A fresh egg feels different. It should be heavy and perceptible to the senses as being well–filled. As time goes by, a fresh egg (any egg) loses a very small amount of its weight in terms of water and carbon dioxide. This occurs through its porous shell. You can use the Bouyancy Test and/or the Light Bulb/Candle test for freshness.

    An egg three days old will sink to the bottom and rest there. As the air chamber expands, due to loss of water and carbon dioxide, the egg will still fall to the bottom, but be tilted at the broad, rounded end in the water chamber. This egg is about a week old. If the egg is older, or a little more, it will float half–way up the water chamber. A bad egg will float horizontally at the water surface. It may float at the water surface with the broad, round end partly out of the water. Depending on the egg and the exchange of water vapor and carbon dioxide to the outside with air moving in, the egg floats in various stages of air coming into the egg and, hence, the air chamber expanding. Therefore, flotation is a function of gas and water vapor exchange for outside air.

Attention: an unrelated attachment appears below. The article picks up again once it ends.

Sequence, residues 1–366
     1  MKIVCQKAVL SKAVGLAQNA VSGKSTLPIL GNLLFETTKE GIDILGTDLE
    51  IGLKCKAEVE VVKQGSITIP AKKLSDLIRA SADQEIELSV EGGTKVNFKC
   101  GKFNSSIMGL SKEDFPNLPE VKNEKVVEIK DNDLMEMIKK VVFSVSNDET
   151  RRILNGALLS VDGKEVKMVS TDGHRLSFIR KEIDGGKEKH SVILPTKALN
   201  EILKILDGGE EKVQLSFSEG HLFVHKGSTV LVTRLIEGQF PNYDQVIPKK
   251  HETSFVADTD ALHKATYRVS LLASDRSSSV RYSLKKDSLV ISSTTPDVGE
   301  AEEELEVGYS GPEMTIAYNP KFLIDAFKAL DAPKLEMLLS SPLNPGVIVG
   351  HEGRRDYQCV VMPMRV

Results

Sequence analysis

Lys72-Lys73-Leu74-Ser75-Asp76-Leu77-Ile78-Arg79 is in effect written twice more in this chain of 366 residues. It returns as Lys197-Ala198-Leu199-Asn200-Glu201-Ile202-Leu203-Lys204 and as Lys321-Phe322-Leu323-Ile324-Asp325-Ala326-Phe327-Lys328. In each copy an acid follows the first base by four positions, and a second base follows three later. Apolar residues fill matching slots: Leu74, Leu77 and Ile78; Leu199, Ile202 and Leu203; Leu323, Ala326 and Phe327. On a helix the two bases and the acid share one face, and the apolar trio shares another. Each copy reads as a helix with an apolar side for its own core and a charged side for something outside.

As shown in the above plates, another method is to open the egg onto a plate and observe the white and yolk. A compact yolk will be positioned in the center indicating the egg is fresh. If the white is not in a high layer or two, and the yolk not in the center, the egg is aging and is about two to three weeks old.

    You can further test an egg for freshness by holding the oval body up to a light. If you have a very small air pocket, the egg is fresh. This latter egg is rated as A, provided the other methods pass highly. If not, the egg is scaled down to B or C.


    Eggs, as other foodstuffs, will skyrocket in price. They are doing it now. With your backyard flock, they will be rather inexpensive, they are nutritious, and most chefs consider them the most universal cooking ingredient, from sauces to thickening gravies to numerous other ingredients they are added to, as well as creating a variety of egg dishes. The food industry capitalizes upon this in the making of pastas, biscuits, cakes, ices, as well as placing dried (pasturized) egg whites in mixes of various sorts.

    In your own kitchen, the egg serves as liaisons, pastry glazes, coatings with egg and breadcrumbs, emulsified sauces, including forcemeats (patés), and so forth.